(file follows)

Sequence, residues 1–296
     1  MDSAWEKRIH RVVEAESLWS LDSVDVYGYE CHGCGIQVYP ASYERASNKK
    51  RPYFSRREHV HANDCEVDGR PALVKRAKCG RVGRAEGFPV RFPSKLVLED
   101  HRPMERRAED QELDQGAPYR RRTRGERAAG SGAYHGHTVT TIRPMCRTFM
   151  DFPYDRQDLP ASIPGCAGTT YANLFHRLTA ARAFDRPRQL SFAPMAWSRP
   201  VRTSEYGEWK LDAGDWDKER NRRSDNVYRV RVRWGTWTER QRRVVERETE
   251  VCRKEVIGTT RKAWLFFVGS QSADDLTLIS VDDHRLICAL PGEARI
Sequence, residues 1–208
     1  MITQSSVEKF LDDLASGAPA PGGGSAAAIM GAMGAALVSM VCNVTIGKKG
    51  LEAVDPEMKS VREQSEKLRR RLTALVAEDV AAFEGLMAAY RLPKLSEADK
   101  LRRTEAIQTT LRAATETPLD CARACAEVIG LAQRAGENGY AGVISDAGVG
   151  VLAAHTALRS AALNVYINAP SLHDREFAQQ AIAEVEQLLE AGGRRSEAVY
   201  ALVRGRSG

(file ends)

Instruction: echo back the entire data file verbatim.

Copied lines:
Sequence, residues 1–296
     1  MDSAWEKRIH RVVEAESLWS LDSVDVYGYE CHGCGIQVYP ASYERASNKK
    51  RPYFSRREHV HANDCEVDGR PALVKRAKCG RVGRAEGFPV RFPSKLVLED
   101  HRPMERRAED QELDQGAPYR RRTRGERAAG SGAYHGHTVT TIRPMCRTFM
   151  DFPYDRQDLP ASIPGCAGTT YANLFHRLTA ARAFDRPRQL SFAPMAWSRP
   201  VRTSEYGEWK LDAGDWDKER NRRSDNVYRV RVRWGTWTER QRRVVERETE
   251  VCRKEVIGTT RKAWLFFVGS QSADDLTLIS VDDHRLICAL PGEARI
Sequence, residues 1–208
     1  MITQSSVEKF LDDLASGAPA PGGGSAAAIM GAMGAALVSM VCNVTIGKKG
    51  LEAVDPEMKS VREQSEKLRR RLTALVAEDV AAFEGLMAAY RLPKLSEADK
   101  LRRTEAIQTT LRAATETPLD CARACAEVIG LAQRAGENGY AGVISDAGVG
   151  VLAAHTALRS AALNVYINAP SLHDREFAQQ AIAEVEQLLE AGGRRSEAVY
   201  ALVRGRSG